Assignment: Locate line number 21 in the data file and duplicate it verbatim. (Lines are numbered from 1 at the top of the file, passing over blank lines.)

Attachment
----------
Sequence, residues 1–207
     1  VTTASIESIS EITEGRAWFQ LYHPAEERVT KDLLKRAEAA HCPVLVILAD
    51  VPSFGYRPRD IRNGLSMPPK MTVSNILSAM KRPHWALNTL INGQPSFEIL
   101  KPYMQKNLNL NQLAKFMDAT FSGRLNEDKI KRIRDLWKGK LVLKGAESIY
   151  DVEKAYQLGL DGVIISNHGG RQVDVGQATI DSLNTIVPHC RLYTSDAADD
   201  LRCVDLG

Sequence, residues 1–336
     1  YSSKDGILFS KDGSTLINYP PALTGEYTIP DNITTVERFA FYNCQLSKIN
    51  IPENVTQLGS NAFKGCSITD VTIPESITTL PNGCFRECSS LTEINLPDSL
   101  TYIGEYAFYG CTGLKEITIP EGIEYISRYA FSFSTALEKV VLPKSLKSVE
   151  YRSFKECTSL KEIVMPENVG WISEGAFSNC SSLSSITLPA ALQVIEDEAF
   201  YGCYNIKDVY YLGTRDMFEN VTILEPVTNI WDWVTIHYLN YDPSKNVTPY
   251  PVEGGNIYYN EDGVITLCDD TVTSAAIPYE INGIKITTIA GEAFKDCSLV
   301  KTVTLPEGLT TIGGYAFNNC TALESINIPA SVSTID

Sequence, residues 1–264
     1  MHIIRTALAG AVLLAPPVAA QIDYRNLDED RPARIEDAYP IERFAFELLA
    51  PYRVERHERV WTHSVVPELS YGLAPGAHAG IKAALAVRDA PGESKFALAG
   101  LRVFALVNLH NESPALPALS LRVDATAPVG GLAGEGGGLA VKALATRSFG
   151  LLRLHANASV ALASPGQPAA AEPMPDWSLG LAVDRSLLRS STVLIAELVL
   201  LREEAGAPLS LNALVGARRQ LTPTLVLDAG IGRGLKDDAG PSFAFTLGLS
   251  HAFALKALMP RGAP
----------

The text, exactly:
   251  HAFALKALMP RGAP